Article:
1. 1. Alketbi SK. (2018). The affecting factors of touch DNA. J Forensic Res, an open access journal 9(3), 1-4.
  2. 2. Allen M, Nilsson M, Havsjö M, Edwinsson L, Granemo J, Bjerke M: Presentation at the 25th Congress of the International Society for Forensic Genetics. Haloplex and MiSeq NGS for simultaneous analysis of 10 STRs, 386 SNPs and the complete mtDNA genome. 2013, Melbourne, 2-7 September 2013
  3. 3. Altman JD. Admissibility of forensic DNA profiling evidence: A movement away from Frye v. United States and a step toward the Federal Rules of evidence: United States v. Jakobetz, 955 F.2d 786 (1992). J Urban Contemp Law 1994; 44:211-222.
  4. 4. Ambers A, Wiley R, Novroski N, Budowle B. (2018). Forensic science international: Genetics direct PCR ampli fi cation of DNA from human bloodstains, saliva, and touch samples collected with microFLOQ ® swabs. Forensic Science International: Genetics 32(September 2017):80-87.
  5. 5. Andersen MM, Caliebe A, Jochens A, Willuweit S, Krawczak M: Estimating trace-suspect match probabilities for singleton Y-STR haplotypes using coalescent theory. Forensic Sci Int Genet. 2013, 7: 264-271. 10.1016/j.fsigen.2012.11.004.
  6. 6. B. H. Tripude et al: Crime solving tool – The DNA (a review article). JMLAM Vol. 5 No. 1-2, December 2003: 1-7.
  7. 7. Balding DJ: Evaluation of mixed-source, low-template DNA profiles in forensic science. Proc Natl Acad Sci U S A. 2013, 110: 12241-12246. 10.1073/pnas.1219739110.
  8. 8. Ballantyne KN, Keerl V, Wollstein A, Choi Y, Zuniga SB, Ralf A, Vermeulen M, de Knijff P, Kayser M: A new future of forensic Y-chromosome analysis: Rapidly mutating Y-STRs for differentiating male relatives and paternal lineages. Forensic Sci Int Genet. 2012, 6: 208-218. 10.1016/j.fsigen.2011.04.017.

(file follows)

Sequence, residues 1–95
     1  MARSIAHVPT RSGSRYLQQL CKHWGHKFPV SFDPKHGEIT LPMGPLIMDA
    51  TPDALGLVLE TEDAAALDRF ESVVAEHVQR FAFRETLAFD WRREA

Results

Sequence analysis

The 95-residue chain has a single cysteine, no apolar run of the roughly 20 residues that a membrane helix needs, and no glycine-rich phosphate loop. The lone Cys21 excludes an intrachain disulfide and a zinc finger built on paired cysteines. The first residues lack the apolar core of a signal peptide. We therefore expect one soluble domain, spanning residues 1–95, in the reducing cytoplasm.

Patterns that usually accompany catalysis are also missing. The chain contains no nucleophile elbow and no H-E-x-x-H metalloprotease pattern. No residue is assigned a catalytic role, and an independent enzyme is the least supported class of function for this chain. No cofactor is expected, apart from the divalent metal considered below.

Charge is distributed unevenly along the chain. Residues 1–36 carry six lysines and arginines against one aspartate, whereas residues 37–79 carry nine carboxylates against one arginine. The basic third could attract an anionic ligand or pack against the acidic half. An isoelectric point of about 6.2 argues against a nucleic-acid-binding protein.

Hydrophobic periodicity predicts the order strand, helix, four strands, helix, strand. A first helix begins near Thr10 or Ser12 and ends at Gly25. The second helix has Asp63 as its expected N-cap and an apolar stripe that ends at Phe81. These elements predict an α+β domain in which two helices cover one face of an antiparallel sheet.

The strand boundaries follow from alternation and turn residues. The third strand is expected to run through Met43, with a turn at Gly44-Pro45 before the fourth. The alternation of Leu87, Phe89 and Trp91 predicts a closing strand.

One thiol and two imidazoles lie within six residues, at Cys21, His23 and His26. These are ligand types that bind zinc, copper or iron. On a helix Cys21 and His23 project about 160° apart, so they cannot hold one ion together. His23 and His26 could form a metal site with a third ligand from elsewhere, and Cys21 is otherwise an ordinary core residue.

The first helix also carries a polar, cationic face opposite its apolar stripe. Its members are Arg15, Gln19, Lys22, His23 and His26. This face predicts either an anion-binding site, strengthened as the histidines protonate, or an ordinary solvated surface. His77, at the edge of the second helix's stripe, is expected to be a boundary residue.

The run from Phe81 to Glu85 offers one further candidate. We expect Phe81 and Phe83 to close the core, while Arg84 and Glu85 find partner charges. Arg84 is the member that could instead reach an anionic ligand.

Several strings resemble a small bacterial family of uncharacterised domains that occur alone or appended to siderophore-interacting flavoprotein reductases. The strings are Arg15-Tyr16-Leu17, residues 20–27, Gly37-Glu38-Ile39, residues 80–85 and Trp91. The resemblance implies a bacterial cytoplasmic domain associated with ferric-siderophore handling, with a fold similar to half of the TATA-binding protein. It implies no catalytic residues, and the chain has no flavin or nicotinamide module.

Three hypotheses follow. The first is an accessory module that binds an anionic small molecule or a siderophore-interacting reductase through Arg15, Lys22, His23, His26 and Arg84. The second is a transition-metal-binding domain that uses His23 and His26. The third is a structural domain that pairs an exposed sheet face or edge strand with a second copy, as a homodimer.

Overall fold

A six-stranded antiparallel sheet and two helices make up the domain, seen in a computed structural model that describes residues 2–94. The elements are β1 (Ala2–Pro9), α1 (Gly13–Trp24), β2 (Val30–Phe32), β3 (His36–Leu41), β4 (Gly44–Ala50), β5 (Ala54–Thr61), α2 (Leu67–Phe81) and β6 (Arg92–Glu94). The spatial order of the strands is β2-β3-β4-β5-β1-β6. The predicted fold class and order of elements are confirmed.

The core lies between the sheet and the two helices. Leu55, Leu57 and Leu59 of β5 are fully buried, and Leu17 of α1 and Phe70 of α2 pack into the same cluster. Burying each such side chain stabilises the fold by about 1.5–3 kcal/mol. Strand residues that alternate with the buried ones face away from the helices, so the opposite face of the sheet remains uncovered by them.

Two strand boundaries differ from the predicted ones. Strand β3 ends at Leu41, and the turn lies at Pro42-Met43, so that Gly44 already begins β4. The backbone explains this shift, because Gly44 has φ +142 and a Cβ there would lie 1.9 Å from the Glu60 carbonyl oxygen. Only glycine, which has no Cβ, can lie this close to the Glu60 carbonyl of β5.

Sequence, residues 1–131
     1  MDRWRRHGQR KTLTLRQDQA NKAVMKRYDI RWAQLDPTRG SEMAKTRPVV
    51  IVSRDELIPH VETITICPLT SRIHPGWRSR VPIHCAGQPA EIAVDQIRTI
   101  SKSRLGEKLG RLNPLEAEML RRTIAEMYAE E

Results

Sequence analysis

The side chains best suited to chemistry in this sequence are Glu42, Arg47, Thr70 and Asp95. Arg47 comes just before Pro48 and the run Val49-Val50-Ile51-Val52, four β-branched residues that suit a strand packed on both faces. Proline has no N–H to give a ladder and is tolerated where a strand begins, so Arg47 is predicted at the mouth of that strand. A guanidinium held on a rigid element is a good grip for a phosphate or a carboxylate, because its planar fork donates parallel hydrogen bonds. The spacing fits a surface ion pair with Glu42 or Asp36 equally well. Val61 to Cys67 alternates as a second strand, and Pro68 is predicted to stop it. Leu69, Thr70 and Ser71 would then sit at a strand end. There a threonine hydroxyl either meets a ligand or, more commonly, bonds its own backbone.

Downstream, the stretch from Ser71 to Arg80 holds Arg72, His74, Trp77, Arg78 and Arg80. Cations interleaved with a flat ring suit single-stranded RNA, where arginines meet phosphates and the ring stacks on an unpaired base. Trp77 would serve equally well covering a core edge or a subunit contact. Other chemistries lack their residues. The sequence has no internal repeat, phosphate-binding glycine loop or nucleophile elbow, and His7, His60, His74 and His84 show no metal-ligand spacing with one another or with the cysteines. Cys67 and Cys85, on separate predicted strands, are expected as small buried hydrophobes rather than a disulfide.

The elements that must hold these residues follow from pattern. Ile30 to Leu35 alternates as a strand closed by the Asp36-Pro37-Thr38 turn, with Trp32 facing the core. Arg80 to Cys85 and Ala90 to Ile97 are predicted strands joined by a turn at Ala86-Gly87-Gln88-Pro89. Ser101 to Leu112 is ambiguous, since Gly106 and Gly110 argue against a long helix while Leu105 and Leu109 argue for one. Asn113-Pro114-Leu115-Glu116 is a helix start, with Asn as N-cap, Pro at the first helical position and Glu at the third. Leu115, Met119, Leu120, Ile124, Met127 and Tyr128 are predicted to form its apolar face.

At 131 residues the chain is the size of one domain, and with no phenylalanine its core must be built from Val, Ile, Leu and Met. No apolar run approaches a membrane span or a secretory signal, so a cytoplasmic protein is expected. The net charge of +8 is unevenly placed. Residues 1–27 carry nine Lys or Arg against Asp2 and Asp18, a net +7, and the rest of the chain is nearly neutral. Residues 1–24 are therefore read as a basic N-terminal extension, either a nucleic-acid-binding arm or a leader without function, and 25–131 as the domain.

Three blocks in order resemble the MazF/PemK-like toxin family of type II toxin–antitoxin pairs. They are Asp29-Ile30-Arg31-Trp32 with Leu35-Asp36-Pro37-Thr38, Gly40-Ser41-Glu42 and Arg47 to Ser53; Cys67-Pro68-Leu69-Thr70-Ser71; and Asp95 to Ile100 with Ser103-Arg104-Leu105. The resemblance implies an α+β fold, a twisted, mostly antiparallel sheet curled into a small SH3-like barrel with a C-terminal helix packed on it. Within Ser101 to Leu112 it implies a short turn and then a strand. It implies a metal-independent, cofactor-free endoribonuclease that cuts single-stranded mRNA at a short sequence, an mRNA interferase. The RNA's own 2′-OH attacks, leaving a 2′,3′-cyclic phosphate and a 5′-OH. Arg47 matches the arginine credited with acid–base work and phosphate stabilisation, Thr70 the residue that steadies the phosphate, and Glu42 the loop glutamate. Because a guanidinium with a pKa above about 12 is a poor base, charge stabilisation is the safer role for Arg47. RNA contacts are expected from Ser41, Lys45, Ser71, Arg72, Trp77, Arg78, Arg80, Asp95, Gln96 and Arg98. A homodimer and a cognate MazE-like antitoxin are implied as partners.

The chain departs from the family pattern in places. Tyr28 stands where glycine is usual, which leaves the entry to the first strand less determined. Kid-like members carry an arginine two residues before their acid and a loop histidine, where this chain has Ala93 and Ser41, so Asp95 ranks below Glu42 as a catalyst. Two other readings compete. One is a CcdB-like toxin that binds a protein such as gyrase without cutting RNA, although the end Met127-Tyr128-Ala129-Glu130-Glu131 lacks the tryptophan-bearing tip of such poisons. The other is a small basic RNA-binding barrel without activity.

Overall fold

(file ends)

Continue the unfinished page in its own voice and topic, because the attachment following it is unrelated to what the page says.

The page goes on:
9. 9. Bandelt HJ, Salas A: Current next generation sequencing technology may not meet forensic standards. Forensic Sci Int Genet. 2012, 6: 143-145. 10.1016/j.fsigen.2011.04.004.
  10. 10. Berdan KW. The admissibility of DNA evidence: Minnesota no longer stands alone. William Mitchell Law Rev 1994; 20:1064-1107.
  11. 11. Caenazzo L, Tozzo P, Rodriguez D. (2019). Ethical Issues in DNA Identification of Human Biological Material from Mass Disasters (August 2013):8-11.
  12. 12. Calhoun MC. Scientific evidence in court: Daubert or frye, 15 years later. Legal Backgrounder 2008; 23:1-4.
  13. 13. Case Comment on Priyadarshini Matoo Case. Available from: [Last accessed-2020].
  14. 14. Casey E, Rose CW. (2010). Forensic analysis. Handbook of Digital Forensics and Investigation (2000):21-62.
  15. 15. Cavanaugh SE, Bathrick AS. (2018). Forensic Science International?: Genetics Direct PCR ampli fi cation of forensic touch and other challenging DNA samples?: A review. 32 (July 2017):40-49.
  16. 16. Christensen AM, Crowder CM, Ousley SD, Houck MM. (2014). Error and its meaning in forensic science. Journal of Forensic Sciences. 59(1):123-126.
  17. 17. Collection and forwarding of Forensic Samples for DNA Fingerprinting, Short Communication, Journal of The Indian Academic of Forensic Sciences, Vol. 36, No. 1 and 2, 997: 33-39.
  18. 18. Datta P, Datta SS. Role of deoxyribonucleic acid technology in forensic dentistry. J Forensic Dent Sci 2012; 4:42-46.
  19. 19. Debenham PG. (1991). DNA fingerprinting. The Journal of Pathology 164(2):101-106.
  20. 20. Dr. K. S. Narayan Reddy’s The Essentials of Forensic Medicine and Toxicology, 25th Edition 2006: 398.
  21. 21. Fatoki TH. (2017). ON FORENSIC DNA PROFILING?: Strengths and Limitations (September).